Smart explains that after being forced to “wed” and then repeatedly raped by Mitchell, she felt like a priceless vase that had suddenly been smashed to bits.  What do you do with a shattered vase?  You sweep up the pieces and throw it away.  Smart writes that Mitchell had defiled and demoralized her to the point at which she felt like her life was meaningless and no one would ever want her.  Smart writes that Barzee treated her like a slave and seemed to have no empathy whatsoever for Smart’s plight.  In fact, Smart writes more than once that Barzee had “given up” her six children so she could be with Mitchell.  I’m not sure that giving up access to one’s children automatically makes someone *bad*…  After all, in divorce situations, men are asked to do it all the time.  However, I definitely see how Elizabeth Smart made that determination about Wanda Barzee, under the circumstances.

Aside from the cruel treatment and neglect she received at the hands of her captors, Smart writes of the very uncomfortable living conditions she was forced to endure.  Mitchell and Barzee were derelicts who lived outside; consequently, Elizabeth Smart, who had grown up privileged and comfortable, found herself going days without eating, going thirsty, and wearing filthy clothes that were cast offs from other homeless people.  Mitchell also forced Smart to drink alcohol, smoke, and view pornography, activities that were strictly against Smart’s Mormon beliefs.

My thoughts

I had read Bringing Elizabeth Home, a book written by Ed and Lois Smart in 2004.  I wasn’t very impressed with that book because it was very sanitized and offered little information that wasn’t already in the news.  Moreover, it also included a lot of religious “preaching” related to the Smarts’ belief in the Church of Jesus Christ of Latter-day Saints.  I was a little afraid that Elizabeth Smart’s book would contain more of the same, although I had read that the book was going to focus much more on what went on during her actual captivity.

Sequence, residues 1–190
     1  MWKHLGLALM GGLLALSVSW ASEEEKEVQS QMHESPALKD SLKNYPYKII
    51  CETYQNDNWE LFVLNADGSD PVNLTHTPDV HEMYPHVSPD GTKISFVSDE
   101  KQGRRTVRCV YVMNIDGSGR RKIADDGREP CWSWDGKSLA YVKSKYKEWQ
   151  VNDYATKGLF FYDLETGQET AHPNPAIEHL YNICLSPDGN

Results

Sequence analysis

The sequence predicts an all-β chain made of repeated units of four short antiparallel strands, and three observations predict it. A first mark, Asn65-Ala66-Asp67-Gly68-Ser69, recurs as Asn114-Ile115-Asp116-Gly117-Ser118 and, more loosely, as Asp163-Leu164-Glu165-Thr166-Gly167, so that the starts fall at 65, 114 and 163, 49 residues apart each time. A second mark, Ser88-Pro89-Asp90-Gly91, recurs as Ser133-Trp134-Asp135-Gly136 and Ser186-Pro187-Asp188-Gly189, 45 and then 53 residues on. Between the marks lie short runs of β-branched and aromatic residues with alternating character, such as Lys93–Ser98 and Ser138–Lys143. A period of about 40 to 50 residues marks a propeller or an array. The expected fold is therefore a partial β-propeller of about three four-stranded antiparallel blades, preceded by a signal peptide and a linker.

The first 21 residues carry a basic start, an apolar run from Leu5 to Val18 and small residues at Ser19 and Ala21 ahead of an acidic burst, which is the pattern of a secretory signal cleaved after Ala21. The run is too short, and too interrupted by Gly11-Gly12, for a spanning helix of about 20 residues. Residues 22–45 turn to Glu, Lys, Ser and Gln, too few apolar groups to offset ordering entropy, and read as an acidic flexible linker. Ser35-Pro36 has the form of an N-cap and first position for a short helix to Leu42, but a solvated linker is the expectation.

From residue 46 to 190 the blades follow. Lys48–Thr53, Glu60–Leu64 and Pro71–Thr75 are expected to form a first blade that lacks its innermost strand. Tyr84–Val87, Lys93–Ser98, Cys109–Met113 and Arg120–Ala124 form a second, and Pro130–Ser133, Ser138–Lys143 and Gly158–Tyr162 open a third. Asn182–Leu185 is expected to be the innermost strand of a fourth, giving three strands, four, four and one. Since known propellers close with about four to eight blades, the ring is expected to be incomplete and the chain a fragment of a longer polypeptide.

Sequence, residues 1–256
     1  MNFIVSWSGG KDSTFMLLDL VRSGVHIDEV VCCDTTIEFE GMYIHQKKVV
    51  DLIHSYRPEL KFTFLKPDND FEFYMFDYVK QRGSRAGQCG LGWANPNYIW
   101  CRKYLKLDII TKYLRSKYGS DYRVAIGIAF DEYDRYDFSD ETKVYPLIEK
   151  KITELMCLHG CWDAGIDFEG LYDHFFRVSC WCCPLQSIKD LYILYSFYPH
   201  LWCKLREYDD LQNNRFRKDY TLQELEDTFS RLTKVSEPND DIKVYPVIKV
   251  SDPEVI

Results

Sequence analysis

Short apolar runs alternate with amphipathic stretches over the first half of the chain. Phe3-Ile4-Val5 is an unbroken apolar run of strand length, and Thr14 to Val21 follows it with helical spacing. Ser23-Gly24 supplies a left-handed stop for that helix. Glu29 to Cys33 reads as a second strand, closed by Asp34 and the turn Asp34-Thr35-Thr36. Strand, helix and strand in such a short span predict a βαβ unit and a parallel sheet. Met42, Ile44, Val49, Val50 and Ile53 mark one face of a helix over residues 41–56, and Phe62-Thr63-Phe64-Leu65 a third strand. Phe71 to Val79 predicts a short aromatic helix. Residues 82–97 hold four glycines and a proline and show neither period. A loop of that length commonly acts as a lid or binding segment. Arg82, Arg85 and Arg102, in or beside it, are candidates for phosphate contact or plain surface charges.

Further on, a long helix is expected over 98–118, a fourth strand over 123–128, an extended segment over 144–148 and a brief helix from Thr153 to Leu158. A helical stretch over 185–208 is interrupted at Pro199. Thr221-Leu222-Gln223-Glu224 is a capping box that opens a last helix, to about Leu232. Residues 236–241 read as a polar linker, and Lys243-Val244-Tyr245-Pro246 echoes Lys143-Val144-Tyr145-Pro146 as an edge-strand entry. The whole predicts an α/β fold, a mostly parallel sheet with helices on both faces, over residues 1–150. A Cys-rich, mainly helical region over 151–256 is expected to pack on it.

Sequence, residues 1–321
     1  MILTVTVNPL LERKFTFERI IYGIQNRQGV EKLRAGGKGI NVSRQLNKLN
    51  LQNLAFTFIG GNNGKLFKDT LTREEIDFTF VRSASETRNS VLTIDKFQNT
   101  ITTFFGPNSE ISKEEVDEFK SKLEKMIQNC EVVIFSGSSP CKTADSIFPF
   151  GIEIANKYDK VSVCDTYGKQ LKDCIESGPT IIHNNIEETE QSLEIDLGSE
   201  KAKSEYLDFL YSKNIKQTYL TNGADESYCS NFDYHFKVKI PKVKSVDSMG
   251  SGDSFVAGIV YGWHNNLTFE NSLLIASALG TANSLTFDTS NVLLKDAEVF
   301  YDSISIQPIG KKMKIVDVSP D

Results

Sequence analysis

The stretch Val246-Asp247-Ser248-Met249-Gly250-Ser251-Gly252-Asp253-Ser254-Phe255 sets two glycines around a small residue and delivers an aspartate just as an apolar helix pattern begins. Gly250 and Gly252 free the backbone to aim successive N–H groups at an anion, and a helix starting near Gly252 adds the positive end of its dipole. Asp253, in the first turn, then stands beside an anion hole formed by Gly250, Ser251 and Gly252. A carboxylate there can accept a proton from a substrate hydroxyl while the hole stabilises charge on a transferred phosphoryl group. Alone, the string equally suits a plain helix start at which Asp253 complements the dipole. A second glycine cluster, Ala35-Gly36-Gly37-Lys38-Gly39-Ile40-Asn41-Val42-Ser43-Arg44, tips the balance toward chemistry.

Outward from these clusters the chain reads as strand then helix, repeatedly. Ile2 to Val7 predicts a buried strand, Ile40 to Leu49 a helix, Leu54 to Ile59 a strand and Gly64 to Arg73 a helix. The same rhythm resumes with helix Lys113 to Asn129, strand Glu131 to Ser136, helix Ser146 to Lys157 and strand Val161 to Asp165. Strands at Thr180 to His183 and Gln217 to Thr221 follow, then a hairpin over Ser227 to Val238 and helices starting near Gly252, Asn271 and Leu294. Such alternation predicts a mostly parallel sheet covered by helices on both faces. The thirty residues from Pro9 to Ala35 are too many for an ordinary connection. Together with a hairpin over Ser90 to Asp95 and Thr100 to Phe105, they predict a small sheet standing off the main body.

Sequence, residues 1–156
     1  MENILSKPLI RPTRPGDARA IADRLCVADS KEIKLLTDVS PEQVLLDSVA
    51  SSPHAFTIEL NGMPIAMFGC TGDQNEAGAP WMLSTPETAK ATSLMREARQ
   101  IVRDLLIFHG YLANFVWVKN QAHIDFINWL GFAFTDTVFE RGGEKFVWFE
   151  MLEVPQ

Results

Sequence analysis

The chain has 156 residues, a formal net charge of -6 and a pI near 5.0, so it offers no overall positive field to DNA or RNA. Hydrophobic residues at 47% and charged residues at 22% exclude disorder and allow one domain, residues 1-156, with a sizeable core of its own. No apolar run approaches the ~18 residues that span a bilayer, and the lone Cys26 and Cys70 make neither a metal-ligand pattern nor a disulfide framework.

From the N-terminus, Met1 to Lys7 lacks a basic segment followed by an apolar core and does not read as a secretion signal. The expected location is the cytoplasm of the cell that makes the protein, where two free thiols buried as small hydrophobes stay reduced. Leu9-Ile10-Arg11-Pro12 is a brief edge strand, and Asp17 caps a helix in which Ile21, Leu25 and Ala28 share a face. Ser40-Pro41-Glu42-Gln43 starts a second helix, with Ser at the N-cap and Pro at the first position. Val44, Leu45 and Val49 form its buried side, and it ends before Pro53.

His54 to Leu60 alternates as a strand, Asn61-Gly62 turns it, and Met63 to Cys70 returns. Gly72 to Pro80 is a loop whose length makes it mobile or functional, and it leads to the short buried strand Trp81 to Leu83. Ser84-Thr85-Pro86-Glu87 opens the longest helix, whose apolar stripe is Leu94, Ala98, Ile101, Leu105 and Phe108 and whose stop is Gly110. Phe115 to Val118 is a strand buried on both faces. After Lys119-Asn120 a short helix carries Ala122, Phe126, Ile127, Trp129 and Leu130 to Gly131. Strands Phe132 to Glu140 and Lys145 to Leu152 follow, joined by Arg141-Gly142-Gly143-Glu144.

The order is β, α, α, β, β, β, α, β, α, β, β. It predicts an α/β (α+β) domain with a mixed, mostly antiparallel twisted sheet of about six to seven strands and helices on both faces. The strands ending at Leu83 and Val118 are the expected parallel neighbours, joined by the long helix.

My Story is, in fact, about what happened to Elizabeth Smart during those nine months she was away.  I have to admit, after reading this book, I have new respect for Elizabeth Smart.  Brian David Mitchell and Wanda Barzee put her through hell.  Smart makes it clear that given a choice, she would certainly favor Barzee over Mitchell, whom she describes as a narcissistic pedophile who was unspeakably cruel to her. 

I finished this book in a couple of hours.  It’s printed in large type and written in a conversational style that includes a lot of sentence fragments which I think was supposed to be engaging.  Personally, I find one word sentences annoying.  I also noticed at least one instance in which Smart’s captor was referred to as David Brian Mitchell.  That’s not a big deal, but I did catch it.  There are no photos, not that I really expected Smart to have pictures from that time period.  This book is not nearly as graphic as it could be, which is certainly understandable.  For many readers, I’m sure the lack of graphic details will be a relief.   

Overall

I don’t think the writing in My Story is the stuff of Pulitzer Prizes, but it’s not bad.  The book was a quick read and doesn’t include a whole lot more information than what has been printed in the media already, though it does give Smart’s perspective more so than any news article could.  I admire Elizabeth Smart’s fortitude during that ordeal.  I think My Story is worth reading if you’re interested in what really happened to Elizabeth Smart.  The writing could be better, though.